There is quite the fervor among certain American parents about the teaching of critical race theory in public schools. In a recent case out of Missouri, Judge Stephen Clark granted an injunction in favor of one such group of parents. Brooks v. Francis Howell Sch. Dist., 4:22-CV-00169-SRC, 2022 WL 1185147 (E.D. Mo. Apr. 21,
Earlier this month, the Fifth Circuit Court of Appeals vacated a lower court’s summary judgment order in order favor of a non-theist group that sought to place a nonreligious display in the rotunda of the Texas state capitol during the holiday season. The lower court found that the state, in denying the group’s display, had engaged in viewpoint discrimination. However, the court found that the order granting retrospective relief was improper, but directed the lower to court to consider the group’s claim for prospective relief and reinstated its claim that the state’s regulations constituted an impermissible prior restraint.
We reported on this case in 2017. The facts of the case can be found on our earlier post. Since our last report on the case, the district court entered a declaratory summary judgment in favor of Freedom From Religion Foundation, finding that Texas Governor Greg Abbott’s and Texas State Preservation Board Executive Director Rod Welsh’s interference in the matter constituted viewpoint discrimination. However, the district court denied summary judgment on the group’s Establishment Clause claim and a claim against Abbott in his individual capacity.…
Continue Reading Fifth Circuit Remands in Texas Capitol Rotunda Display Case
In a case that we reported on previously, the Third Circuit Court of Appeals has entered a ruling in favor of a group of animal rights activists that wished to protest the Barnum and Bailey Circus in a government-owned convention center and arena in Wilkes-Barre, Pennsylvania.
The facts of the case can be found in our earlier posts. At issue on appeal were questions of whether the government could limit the area allowed for protests at the arena, whether the protesters could be prohibited from using profane language, and whether the convention center could prohibit the use of sound amplification.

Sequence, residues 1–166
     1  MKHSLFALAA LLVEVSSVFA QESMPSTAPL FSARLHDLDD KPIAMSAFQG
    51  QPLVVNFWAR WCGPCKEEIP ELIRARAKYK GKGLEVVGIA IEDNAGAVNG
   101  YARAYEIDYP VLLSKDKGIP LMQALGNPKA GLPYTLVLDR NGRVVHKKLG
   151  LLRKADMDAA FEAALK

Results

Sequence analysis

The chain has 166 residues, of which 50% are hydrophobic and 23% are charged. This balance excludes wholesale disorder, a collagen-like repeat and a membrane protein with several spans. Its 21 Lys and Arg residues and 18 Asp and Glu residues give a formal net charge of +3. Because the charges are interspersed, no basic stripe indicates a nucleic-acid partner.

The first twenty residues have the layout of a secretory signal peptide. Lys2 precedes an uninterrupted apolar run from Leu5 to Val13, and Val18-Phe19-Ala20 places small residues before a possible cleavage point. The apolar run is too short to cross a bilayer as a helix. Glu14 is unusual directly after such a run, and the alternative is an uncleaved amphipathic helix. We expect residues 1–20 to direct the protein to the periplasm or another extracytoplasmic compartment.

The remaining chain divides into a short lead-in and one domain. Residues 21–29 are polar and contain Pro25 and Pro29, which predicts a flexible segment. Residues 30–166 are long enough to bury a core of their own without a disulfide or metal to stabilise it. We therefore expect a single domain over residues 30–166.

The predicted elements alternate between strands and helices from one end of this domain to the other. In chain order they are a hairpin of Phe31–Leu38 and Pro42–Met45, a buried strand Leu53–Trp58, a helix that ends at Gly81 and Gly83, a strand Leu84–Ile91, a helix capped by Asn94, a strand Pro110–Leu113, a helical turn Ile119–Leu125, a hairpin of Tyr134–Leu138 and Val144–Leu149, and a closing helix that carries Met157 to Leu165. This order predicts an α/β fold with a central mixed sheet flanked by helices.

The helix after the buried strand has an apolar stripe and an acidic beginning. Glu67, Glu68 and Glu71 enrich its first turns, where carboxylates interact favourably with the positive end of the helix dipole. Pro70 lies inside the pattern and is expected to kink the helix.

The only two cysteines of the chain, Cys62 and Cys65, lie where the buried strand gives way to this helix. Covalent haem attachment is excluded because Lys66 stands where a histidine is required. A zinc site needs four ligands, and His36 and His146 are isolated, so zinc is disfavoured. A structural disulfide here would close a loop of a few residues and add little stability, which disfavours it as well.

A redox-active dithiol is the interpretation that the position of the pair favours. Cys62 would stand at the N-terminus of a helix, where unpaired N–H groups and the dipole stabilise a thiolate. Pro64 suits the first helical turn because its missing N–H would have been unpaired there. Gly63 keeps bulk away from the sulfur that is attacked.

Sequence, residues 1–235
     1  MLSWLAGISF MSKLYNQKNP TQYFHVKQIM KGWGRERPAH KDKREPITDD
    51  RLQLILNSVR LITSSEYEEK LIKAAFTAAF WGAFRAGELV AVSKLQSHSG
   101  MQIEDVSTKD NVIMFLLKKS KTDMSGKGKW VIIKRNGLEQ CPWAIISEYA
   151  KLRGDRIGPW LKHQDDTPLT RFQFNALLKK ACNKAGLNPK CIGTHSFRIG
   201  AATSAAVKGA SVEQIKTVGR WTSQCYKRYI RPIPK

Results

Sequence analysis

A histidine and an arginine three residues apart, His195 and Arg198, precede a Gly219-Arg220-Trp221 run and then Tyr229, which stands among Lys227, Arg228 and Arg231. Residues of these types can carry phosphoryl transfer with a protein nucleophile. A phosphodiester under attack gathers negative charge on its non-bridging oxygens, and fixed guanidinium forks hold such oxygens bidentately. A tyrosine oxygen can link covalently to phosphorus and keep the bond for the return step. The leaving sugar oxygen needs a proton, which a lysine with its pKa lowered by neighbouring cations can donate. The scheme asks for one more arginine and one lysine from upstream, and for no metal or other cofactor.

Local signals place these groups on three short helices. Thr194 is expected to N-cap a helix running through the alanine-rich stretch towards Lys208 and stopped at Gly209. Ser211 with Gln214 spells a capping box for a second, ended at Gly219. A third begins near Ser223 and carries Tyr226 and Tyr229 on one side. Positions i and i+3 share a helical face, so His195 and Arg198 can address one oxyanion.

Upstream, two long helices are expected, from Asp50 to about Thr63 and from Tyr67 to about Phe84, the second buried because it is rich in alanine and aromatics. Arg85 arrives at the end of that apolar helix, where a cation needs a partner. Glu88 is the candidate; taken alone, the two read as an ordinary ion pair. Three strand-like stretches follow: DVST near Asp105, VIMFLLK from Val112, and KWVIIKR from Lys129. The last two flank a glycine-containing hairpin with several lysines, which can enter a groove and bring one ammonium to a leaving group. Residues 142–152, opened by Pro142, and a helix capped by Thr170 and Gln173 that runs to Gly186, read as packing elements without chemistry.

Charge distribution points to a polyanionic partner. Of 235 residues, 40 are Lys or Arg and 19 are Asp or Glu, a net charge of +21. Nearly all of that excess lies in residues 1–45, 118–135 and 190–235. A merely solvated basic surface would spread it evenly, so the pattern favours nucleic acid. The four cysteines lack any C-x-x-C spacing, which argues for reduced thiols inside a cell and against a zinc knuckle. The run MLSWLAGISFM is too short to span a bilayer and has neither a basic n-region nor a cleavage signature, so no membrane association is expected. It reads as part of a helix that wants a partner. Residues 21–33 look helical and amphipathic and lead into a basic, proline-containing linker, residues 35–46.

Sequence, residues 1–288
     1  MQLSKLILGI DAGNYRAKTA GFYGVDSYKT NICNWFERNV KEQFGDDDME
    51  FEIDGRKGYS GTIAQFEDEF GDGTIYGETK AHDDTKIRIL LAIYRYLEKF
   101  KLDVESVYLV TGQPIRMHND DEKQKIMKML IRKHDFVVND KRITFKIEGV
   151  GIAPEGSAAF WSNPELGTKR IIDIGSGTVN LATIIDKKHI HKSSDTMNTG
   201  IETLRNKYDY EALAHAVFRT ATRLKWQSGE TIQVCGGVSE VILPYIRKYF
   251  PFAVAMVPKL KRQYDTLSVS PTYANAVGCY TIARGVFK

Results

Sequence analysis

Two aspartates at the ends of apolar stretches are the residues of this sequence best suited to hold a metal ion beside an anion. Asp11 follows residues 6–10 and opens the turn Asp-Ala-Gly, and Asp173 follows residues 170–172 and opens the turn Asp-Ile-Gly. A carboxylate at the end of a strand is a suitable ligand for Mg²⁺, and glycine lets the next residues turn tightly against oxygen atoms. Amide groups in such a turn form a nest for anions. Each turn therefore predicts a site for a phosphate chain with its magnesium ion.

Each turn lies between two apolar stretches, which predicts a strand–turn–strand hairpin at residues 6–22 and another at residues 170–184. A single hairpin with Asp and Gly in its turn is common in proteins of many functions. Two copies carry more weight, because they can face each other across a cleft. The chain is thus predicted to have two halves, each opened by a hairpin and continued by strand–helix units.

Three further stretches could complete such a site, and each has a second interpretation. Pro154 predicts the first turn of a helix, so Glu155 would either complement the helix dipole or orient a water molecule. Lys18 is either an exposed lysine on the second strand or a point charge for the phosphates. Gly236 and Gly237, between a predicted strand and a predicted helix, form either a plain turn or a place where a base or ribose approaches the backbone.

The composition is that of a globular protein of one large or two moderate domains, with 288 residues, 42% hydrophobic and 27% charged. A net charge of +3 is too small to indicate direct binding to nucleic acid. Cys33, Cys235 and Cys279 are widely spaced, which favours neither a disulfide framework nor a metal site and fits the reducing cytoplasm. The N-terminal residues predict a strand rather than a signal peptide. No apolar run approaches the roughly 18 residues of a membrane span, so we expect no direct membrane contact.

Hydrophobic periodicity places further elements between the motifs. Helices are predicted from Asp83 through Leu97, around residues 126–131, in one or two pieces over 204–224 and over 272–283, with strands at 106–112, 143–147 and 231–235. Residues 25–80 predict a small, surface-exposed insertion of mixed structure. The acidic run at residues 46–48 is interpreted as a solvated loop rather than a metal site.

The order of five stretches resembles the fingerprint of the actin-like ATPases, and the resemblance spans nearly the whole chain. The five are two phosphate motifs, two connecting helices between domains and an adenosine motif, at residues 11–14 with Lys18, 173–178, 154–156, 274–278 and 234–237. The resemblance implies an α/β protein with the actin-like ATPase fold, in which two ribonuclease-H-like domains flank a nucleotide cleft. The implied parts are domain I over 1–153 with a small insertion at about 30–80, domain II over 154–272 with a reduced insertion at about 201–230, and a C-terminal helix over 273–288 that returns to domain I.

Continue Reading Appeals Court Affirms District Court Ruling in Favor of Pennsylvania Animal Rights Activists
The City of Boston has three flagpoles in the plaza in front of its city hall. Typically, the city displays an American flag and POW/MIA flag on one pole and the flag of Massachusetts on the second pole. The third pole is used for the City of Boston flag, or alternatively, the flag of a third party. The third pole has been used for flags of foreign nations, civic organizations, the LGBT rainbow flag, and others. Parties can submit applications to fly their flag on the third pole, and the city has guidelines that prohibits flags that involve illegal or dangerous activities or conflict with scheduled events. The city reviews applications to determine whether a flag is consistent with the city’s message, policies, and practices, but does not have any guidelines as to the content of the flags. When an applicant was denied the opportunity to place a “Christian flag” on the City Hall on the grounds that the city refrains from flying religious flags on the Plaza, he filed suit.